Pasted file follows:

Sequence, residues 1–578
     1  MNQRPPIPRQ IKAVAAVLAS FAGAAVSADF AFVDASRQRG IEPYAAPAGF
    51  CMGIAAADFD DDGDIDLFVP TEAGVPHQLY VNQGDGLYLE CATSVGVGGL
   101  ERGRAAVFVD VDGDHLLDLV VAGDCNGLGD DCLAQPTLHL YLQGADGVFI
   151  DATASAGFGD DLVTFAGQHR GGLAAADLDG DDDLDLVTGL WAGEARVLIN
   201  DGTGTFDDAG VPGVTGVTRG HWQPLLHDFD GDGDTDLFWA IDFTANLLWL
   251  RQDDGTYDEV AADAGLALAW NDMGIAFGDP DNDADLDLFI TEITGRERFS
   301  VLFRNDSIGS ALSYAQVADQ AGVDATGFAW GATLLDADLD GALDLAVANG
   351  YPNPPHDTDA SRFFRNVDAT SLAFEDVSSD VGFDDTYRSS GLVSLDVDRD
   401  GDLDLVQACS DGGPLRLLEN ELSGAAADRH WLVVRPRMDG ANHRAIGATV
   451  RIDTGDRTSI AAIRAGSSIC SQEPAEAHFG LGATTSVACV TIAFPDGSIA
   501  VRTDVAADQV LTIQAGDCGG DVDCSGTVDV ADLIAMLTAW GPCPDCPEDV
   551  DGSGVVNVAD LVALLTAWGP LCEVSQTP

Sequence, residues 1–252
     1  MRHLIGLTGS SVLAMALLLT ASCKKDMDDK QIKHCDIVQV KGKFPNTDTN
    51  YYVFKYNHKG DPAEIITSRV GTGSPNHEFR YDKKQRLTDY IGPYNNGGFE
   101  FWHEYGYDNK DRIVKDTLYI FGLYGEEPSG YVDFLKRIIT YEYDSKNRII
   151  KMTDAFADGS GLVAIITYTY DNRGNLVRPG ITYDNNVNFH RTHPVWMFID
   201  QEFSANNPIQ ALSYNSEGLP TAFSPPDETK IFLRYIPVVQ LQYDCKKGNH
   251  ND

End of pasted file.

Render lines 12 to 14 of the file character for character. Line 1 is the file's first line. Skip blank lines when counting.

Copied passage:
   501  VRTDVAADQV LTIQAGDCGG DVDCSGTVDV ADLIAMLTAW GPCPDCPEDV
   551  DGSGVVNVAD LVALLTAWGP LCEVSQTP

Sequence, residues 1–252